In 2000, the Commodity Futures Modernization Act (CFMA) passed, legitimizing swap agreements and other hybrid instruments, a massive move towards deregulation and ending regulatory oversight of derivatives and leveraging that turned Wall Street more than ever into a casino. At the same time the first Internet-based commodities transaction system was created to let companies trade energy and other commodity futures unregulated, effectively licensing pillage and fraud. (Enron took full
advantage of this until it all imploded.) Further, it launched a menu of options, binary options, forwards, swaps, warrants, leaps, baskets, swaptions, and unregulated credit derivatives like the now infamous credit default swaps, facilitating out-of-control speculation.
This deregulatory madness caused unprecedented fraud, insider trading, misrepresentation, Ponzi schemes, false accounting, obscenely high salaries and bonuses, bilking investors, customers and homeowners, as well as embezzling and other forms of theft, including loans designed to fail, clear conflicts of interest, lax enforcement of remaining regulatory measures, market manipulation and fraudulent financial products and massive public deception.
This slicing and dicing of risk-reducing derivative securities is still going on, creating a time bomb waiting to explode with catastrophic consequences. According to the latest BIS statistics on OTC derivatives markets there was a whopping $693 trillion outstanding at the end of June 2013. That is more than 10 times the GDP of the entire world and equivalent to $100,000 for each of the 7 billion inhabitants of our planet.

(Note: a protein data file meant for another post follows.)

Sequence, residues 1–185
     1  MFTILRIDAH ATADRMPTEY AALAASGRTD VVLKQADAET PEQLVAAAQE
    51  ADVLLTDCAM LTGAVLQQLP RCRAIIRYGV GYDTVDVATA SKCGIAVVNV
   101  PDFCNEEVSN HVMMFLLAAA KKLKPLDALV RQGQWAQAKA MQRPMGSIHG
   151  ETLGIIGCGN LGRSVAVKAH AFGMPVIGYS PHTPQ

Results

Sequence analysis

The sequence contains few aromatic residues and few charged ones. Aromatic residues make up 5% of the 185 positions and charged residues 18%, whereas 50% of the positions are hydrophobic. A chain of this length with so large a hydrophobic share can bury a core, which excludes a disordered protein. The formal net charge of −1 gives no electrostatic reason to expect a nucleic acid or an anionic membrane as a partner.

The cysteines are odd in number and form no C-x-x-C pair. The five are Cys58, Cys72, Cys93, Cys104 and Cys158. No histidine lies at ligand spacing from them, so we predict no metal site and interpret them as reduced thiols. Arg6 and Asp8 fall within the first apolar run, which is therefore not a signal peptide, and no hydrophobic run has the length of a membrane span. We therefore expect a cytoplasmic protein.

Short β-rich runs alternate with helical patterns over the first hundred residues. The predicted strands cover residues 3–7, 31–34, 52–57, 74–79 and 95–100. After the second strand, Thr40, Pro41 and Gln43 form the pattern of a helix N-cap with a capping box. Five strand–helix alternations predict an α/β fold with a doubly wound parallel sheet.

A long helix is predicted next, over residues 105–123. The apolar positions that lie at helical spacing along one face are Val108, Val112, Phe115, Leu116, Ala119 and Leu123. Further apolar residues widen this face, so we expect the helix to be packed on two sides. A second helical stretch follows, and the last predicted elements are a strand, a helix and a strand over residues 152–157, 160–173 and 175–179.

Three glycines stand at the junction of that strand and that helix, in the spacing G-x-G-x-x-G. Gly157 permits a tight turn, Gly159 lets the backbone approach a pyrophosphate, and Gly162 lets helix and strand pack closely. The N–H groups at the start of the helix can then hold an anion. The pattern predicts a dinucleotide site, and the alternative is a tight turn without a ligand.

The complexity and high potential risk associated with derivatives requires innovative risk assessment procedures and strong technical knowledge. There are tools to measure and monitor complexity of these financial products. One can be found here.
With this innovative tool you can classify, rank and rate the complexity and resilience of derivatives, and establish maximum allowable levels of complexity and minimum allowable resilience. Products with low resilience contribute to making the system (economy) more fragile. Once the most complex (dangerous) derivatives have been identified, they should be withdrawn progressively from circulation.
Submitted by Hans van Hoek